Further down the page is a petition available for students to sign, demanding Millard to include a minimum of at least one book in English curriculums written by a person of color about their experiences, at least one book be about Black experience to combat anti-Blackness and only fiction novels written after the 1960’s Civil Rights movement. These books are encouraged to be included in both standard and Advanced Placement courses.

Part of DiversifyOurNarrative’s social media mission is to inform followers about controversial or overlooked issues. This post deals with Eurocentric Beauty Standards. “The Eurocentric beauty standard is so ingrained in society and the beauty industry,” the post states. “It’s extremely globalized and lingers every part of the world.” (Photo courtesy of DiversifyOurNarrativeMillard)

“I’ve always wanted to inform people about what’s going on in the world regarding social injustices – not just in America – that our schools don’t talk about,” Millard West sophomore and a chapter Instagram Director Sarah Qaud said. “Here at Millard West – a predominantly white school – we can’t blame students for what the school isn’t teaching them. Amplifying minority voices is important everywhere, but it’s especially important students around the district are able to be heard.”

Nor is the initiative limited to social media. Shepherd, Millard West sophomore Kinzie Jones and Millard West junior Emily Plascencia Rojas all participate in Millard’s Diversity Council, which looks to confront racial injustice. Their participation not only helps DiversifyOurNarrative reach a wider audience, but also they have the opportunity to speak with district administrators about creating anti-racist curriculums.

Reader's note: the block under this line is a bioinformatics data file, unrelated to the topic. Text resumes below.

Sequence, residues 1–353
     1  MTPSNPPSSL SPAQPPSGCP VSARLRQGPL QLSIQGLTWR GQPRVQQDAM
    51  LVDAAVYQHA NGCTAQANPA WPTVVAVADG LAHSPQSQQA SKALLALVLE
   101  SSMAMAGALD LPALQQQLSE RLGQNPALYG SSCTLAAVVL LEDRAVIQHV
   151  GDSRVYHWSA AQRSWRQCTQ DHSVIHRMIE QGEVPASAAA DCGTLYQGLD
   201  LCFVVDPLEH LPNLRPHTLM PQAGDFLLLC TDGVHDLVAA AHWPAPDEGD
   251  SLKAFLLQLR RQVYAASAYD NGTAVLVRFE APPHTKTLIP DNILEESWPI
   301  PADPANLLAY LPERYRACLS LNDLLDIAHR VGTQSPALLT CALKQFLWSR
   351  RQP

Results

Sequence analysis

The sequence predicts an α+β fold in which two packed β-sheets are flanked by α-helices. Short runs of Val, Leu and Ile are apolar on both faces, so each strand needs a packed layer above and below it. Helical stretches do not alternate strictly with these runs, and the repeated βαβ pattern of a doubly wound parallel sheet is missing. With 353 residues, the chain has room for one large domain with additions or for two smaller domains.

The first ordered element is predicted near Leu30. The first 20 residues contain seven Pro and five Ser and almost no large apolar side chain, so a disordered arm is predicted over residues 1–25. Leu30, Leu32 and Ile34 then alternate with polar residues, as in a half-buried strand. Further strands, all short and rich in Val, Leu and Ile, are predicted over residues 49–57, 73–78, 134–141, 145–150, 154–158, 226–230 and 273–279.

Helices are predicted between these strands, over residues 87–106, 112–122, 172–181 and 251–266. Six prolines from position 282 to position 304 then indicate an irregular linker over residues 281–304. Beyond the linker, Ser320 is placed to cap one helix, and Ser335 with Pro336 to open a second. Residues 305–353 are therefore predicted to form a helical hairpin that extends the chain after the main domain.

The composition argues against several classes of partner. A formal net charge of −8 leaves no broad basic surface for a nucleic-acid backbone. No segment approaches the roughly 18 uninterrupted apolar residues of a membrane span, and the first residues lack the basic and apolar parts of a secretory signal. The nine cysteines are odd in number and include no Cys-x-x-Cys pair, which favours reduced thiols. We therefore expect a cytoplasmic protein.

“We have the chance to address specific issues in the social studies and English curriculums with the people who can help us create a more diverse education,” Shepherd said. “Our book list includes many titles we want to see implemented that better represent diversity in our student body. Our petition allowed us to have some credibility when talking with the district, because it shows many students want to see change – not just us.”

And that book list – composed of 26 different titles and authors – is at the forefront of DiversifyOurNarrative’s current aspirations. Not only is adding books to the curriculum a goal, but also removing texts like Harper Lee’s “To Kill a Mockingbird,” which Shepherd and Qaud describe as a white savior story, is also an end goal for the initiative. For many students, a more diverse set of texts is often overlooked but much needed.

“My friends didn’t know anything about Islam, the religion I practice or Arabic culture,” Qaud said. “So when I’m becoming friends with them, I’m informing them about issues that are happening and how I try to dismantle stereotypes. It gives them a different lens to become more aware that discrimination is happening in the United States and in our schools, and we need to stop that. One way is for schools to teach more perspectives and teach books by authors with more diverse backgrounds.”

Fighting for diversity and championing the voices of the unheard, DiversifyOurNarrative continues to educate students about the experiences of different races, ethnicities, religions and identities around the world. Though no curriculum changes in Millard have come yet, the organization still posts on social media twice a week and continues its discussions with district administrators at the monthly Diversity Council meetings. To see how DiversifyOurNarrative’s Millard chapter has been working towards its goals, visit its Instagram page at https://www.instagram.com/diversifyournarrativemillard/.